MORE IMPORTANTLY, SHOULD WE?
Recently, my wife and I were catching up with another couple about life over Zoom. The topic shifted to the quarantine and the struggle of balancing working from home while parenting young kids, a struggle my wife and I are all too familiar with. They are both investment bankers and had starkly different views about working from home. The husband, who works for a smaller team, was relatively comfortable working remotely. However, his wife, who works at a large institutional shop, spoke about the challenges the younger team members are having. She said they are struggling and stressed because they do not have the mentorship, supervision, and support of one another in the same way they would in the office.
For the most part - working from home has been a success - but why?
Some of the downsides of remote work
Health & Wellness
Cushman & Wakefield recently conducted an in-depth survey about the current massive work-from-home experiment, featuring more than 40,000 respondents from 30 companies across 20 different industries. The study revealed that productivity and team collaboration went up, but human connection and socialization took a hit, which in the long run can negatively impact a company's culture. Isolation and loneliness have always been a significant challenge for many employees. It is more significant now, having to separate from colleagues and loved ones and friends. This sense of isolation takes a toll on many people's mental health, ultimately hurting their work performance.
Even before Covid, there was a general awareness of the harmful impact loneliness has on productivity, retention, and overall culture. In January 2020, Cigna released a study that suggests 62% of US workers may be lonely, and those lonely workers are less engaged, less productive, and report lower retention rates. Lonely workers are also twice as likely as non-lonely workers to call out sick and five times more likely to miss work due to stress. The additional days missed could cost employers more than $4,200 per year. At a national level, the annual cost of worker loneliness may be more than $400 billion. COVID-19 exacerbated this trend.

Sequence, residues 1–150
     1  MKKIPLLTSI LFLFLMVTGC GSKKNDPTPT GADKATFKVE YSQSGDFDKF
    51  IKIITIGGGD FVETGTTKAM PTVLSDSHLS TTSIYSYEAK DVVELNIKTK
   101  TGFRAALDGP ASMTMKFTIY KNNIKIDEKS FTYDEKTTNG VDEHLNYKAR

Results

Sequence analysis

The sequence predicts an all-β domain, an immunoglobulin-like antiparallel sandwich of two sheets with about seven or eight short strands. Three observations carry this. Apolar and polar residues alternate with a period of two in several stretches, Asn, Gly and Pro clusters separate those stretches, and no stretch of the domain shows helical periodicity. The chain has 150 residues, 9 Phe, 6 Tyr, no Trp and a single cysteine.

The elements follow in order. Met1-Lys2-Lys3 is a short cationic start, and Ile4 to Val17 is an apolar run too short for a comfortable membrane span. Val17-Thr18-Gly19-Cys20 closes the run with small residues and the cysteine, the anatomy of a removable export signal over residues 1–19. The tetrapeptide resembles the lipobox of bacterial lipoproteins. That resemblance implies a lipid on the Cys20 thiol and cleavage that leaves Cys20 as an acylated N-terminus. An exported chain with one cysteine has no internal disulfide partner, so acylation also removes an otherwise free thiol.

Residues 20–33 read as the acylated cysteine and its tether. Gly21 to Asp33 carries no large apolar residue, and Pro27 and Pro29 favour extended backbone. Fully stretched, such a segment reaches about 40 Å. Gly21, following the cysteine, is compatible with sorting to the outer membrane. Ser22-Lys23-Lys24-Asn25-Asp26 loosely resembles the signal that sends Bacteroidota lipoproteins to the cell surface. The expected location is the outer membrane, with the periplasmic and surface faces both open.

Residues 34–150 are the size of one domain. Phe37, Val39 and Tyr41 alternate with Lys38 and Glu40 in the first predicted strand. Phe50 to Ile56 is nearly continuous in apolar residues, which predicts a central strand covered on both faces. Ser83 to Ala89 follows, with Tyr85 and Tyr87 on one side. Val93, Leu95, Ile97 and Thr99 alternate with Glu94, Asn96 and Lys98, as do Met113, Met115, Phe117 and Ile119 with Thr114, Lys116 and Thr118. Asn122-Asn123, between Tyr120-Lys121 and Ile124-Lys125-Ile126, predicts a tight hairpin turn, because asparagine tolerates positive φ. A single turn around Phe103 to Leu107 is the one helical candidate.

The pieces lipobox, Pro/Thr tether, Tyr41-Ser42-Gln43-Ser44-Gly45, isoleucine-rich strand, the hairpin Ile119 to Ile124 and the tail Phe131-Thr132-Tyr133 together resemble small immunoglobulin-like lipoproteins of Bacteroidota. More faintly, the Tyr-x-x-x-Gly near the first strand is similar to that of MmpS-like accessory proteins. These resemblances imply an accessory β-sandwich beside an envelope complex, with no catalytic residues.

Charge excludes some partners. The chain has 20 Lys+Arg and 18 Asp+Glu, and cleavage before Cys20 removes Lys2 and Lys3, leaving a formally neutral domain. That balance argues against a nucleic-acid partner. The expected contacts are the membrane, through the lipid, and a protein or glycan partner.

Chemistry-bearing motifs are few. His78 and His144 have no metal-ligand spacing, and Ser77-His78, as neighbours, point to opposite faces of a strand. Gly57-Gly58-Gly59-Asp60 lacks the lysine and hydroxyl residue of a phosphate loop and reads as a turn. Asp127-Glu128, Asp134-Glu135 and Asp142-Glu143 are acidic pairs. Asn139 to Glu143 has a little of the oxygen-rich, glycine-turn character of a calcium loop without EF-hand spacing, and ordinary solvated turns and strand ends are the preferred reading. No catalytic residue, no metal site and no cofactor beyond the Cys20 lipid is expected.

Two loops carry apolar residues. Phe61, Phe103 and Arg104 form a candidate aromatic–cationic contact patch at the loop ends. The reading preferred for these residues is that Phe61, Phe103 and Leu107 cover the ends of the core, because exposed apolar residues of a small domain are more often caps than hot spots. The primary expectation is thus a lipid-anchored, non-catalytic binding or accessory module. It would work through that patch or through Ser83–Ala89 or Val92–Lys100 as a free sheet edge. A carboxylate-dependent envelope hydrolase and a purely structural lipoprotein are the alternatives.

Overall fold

Aside from the fact that lockdowns impact mental health, the shutdowns also restricted people's access to health and wellness services. Many gyms remain closed or severely restricted. People stocked up on unhealthy snacks to cope. For some, employees lost access to the healthy amenities that many companies provide within their office space, such as gyms, yoga classes, meditation rooms, and healthy food options.
Ad hoc learning
Another drawback of working exclusively from home is the impact on informal learning, which is the knowledge employees gain through working day-to-day in a physical office space. For new team members, learning by observing their colleagues and leaders is critical to their career growth.
A survey of young professionals by CEMS, an alliance of business schools and corporate partners, found that 72% felt not being able to network with colleagues physically would damage their long-term careers. 68% of those surveyed said the lack of face-to-face training would significantly impact their career progression.
There is an intrinsic value in overhearing senior leaders discuss business or chatting with colleagues about their job and career. I know many people who have advanced their careers by walking into an executive's office and asking insightful questions. Unfortunately, this type of on-the-job knowledge sharing is hard to replicate remotely, which is better suited for discrete and topical conversations about a specific project than the software texture of office noise.
Integrating new team members
What is the Role of the Workplace?
Right now, companies are rightfully evaluating their workplace strategy. I believe we will see many companies shed space in the short term. Candidly we already see it. However, I do predict we will see a widespread return to the workplace. The return to work will take time, and the office will look a little different than it used to. Companies will invest in space for the same reasons they did before the pandemic; talent, culture, connectivity, learning, and wellbeing. For now, getting rid of real estate is an immediate cost saver. While it is much harder to quantify culture and a sense of belonging, my view is that it is far more valuable than the cost of real estate.